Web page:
Looking back at the hundred-or-so conflicted congregations with whom I have been called to consult over the last couple of decades, here is an important observation: only a small handful (or so) of them had a strong small group ministry. The vast majority of them either had no small group ministry or they had a tired, ineffective small group or Sunday School ministry. I believe there is a correlation. I believe there is a direct relationship between small group ministries and church unity.
For some decades now, church leaders have been recognizing the importance of small groups as a critical tool for Spiritual formation (or for Spiritual “transformation”, depending on whose vernacular you favor). We have all begun to see that, only in the intimacy and accountability of a small group of friends gathered together around the Word of God, can we live the life God has called us to live and become the Christians God has called us to become. It was true in the lives of the apostles (the first small group ever) and it is still true today. Whether you call them Sunday School, Bible Study, home groups, cell groups, prayer groups, gospel communities, support groups or recovery groups doesn’t matter. They all have slightly different aims, but one reality is the same for all of them: creating a safe environment with equal parts grace and truth and where we “lean into” one another’s lives is where real Spiritual transformation occurs.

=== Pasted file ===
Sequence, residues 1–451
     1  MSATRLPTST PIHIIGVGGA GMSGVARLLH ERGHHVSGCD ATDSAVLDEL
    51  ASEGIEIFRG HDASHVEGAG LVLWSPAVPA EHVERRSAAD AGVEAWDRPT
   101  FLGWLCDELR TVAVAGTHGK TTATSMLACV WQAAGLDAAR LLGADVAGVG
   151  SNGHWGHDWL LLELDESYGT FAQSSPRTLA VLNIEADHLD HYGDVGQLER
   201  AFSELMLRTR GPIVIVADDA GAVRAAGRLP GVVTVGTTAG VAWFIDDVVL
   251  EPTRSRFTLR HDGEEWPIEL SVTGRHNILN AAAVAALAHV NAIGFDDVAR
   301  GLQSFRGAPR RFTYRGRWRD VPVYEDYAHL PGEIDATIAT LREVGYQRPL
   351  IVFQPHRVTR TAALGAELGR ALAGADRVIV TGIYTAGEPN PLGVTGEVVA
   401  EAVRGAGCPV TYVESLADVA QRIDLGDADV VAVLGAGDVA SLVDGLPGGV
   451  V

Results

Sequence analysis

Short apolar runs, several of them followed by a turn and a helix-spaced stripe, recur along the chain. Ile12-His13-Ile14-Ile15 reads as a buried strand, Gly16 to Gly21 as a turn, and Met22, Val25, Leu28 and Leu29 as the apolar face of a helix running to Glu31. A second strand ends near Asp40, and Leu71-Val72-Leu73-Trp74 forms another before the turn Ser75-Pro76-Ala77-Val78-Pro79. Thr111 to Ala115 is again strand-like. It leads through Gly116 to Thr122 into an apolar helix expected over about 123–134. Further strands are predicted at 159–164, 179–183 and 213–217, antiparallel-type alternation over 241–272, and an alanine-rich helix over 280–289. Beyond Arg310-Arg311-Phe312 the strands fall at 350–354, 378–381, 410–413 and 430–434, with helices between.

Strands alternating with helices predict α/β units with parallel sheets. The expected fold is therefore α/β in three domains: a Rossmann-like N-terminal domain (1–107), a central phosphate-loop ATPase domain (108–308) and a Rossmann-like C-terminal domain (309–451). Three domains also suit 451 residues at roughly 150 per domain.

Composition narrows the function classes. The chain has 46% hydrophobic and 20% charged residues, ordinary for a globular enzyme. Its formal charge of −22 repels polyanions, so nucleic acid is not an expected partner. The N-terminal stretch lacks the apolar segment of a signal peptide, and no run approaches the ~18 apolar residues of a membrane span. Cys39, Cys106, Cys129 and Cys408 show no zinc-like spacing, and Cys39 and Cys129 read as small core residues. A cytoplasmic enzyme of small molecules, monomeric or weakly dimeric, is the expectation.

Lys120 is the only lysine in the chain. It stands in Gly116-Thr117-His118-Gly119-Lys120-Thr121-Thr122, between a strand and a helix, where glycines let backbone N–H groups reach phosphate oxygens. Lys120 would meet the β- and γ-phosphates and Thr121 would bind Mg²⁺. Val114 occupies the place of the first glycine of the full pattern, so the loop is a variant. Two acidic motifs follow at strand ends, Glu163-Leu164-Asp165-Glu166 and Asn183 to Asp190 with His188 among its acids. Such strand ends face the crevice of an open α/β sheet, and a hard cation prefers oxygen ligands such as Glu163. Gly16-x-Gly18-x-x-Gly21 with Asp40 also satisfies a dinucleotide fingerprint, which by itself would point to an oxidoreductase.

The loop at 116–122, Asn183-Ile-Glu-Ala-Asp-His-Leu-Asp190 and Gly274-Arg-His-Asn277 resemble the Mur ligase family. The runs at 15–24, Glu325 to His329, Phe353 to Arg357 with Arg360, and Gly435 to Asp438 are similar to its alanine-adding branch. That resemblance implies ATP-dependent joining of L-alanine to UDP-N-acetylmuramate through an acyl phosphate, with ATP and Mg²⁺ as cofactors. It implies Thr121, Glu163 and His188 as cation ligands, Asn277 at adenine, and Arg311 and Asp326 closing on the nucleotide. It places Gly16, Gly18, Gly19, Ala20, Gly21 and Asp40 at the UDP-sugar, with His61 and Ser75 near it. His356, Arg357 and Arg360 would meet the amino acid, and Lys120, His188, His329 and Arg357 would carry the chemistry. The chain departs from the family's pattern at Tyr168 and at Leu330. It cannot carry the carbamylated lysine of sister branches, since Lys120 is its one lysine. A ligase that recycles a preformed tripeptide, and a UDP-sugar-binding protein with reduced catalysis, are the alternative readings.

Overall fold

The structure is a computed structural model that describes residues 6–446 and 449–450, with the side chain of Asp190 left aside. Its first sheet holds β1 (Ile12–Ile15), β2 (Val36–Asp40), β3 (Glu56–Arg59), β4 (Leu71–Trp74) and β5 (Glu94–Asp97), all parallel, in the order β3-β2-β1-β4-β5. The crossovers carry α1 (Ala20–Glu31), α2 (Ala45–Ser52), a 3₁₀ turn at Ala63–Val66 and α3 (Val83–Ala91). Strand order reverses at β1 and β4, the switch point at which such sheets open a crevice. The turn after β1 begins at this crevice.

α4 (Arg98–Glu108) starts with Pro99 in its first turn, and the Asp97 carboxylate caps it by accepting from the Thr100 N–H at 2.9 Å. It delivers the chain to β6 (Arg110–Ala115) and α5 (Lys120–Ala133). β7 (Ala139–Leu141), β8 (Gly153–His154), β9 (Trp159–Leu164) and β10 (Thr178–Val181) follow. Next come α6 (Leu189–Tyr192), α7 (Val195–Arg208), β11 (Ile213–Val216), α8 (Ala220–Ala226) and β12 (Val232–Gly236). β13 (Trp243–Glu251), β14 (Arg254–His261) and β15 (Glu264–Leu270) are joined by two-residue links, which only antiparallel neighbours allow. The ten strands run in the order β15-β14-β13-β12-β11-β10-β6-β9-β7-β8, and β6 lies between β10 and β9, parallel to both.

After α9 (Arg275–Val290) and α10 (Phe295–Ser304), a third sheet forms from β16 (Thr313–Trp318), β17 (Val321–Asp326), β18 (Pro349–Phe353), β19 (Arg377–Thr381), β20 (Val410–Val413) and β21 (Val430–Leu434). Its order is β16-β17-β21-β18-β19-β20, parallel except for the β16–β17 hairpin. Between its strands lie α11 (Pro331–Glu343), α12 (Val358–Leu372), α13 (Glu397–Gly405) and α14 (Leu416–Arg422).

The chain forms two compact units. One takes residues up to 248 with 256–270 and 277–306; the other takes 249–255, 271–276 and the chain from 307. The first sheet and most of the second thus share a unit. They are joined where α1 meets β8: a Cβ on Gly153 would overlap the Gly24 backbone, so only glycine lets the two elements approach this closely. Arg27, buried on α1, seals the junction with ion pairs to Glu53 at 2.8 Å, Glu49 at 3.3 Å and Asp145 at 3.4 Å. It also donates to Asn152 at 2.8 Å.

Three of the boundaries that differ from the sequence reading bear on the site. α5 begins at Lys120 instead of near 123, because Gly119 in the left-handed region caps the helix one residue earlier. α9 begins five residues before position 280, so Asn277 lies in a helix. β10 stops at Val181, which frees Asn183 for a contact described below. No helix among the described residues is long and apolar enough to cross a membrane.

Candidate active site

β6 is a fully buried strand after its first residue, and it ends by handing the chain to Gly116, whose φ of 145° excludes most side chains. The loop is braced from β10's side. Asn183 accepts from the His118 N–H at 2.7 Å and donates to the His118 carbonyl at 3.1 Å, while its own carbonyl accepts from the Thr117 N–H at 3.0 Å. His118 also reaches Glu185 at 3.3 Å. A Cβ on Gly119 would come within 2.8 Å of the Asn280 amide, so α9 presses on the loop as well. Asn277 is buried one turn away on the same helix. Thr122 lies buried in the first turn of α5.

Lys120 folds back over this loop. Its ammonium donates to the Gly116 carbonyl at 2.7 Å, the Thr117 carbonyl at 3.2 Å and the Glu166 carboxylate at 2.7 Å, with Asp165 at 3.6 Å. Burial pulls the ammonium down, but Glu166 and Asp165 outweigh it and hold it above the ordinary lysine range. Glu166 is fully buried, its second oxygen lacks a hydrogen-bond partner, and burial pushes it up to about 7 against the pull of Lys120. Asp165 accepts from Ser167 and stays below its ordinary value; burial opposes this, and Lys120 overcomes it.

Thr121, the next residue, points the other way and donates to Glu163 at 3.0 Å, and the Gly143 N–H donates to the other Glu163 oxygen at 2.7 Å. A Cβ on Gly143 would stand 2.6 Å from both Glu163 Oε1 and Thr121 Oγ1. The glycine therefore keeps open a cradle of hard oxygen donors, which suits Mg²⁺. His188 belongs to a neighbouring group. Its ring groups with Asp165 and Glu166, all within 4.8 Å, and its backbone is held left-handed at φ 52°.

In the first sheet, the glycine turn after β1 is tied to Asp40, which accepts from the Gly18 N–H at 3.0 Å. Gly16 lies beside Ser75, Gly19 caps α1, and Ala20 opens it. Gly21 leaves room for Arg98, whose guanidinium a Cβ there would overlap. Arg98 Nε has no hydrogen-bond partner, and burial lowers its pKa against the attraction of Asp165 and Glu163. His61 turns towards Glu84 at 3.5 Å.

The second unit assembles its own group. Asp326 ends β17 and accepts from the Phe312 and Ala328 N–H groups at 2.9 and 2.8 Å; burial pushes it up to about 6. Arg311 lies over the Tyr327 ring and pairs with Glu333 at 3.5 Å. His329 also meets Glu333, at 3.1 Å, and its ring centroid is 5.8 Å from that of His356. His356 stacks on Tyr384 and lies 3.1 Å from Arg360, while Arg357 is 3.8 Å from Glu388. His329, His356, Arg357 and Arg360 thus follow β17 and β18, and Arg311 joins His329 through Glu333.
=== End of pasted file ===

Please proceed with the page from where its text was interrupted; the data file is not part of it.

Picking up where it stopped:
But I will take this observation one step further. Because small groups are such a powerful tool for Spiritual transformation, they are also a key ingredient to unity in a local body of believers. Why? Because Spiritual formation is a key ingredient to unity. If the Spirit Himself is the central figure in all questions about …
I believe that loneliness is sweeping our culture in epidemic proportions. I also believe the church is uniquely positioned and empowered to cure loneliness. We just need to figure out what genuine friendships look like in the face of life’s most painful circumstances.
I have not yet met a pastor or a church leader who thinks their church actually has too much community or too much in the way of genuine relationships. The truth is, all of us are always looking for ways to develop a deeper sense of community among our members. We all understand that there simply is no richer, deeper, more fulfilling sense of God’s love and grace than to be fully known and fully loved, i.e., to have someone know our darkest secrets and struggles and flaws and still love us!
I have found that kind of community in our church’s support group ministry. It is the absolute best way I have ever seen to say to hurting people, “We understand you and we love you anyway!” I have come to believe that the more church members we can get involved in it, the deeper our sense of community becomes. Here is a great example from that ministry:
The underlying message behind support groups is the same message which is at the heart of all genuine community: you are not alone. My church’s support group ministry is built on two simple foundational pieces: (1) God’s Word, and (2) friends who share your pain. There seems to be no limit to how much healing can take place with those two elements working together in a person’s life.
Of course, there is much more to a good support group ministry than that. But that is the core of it. Anything about this message which …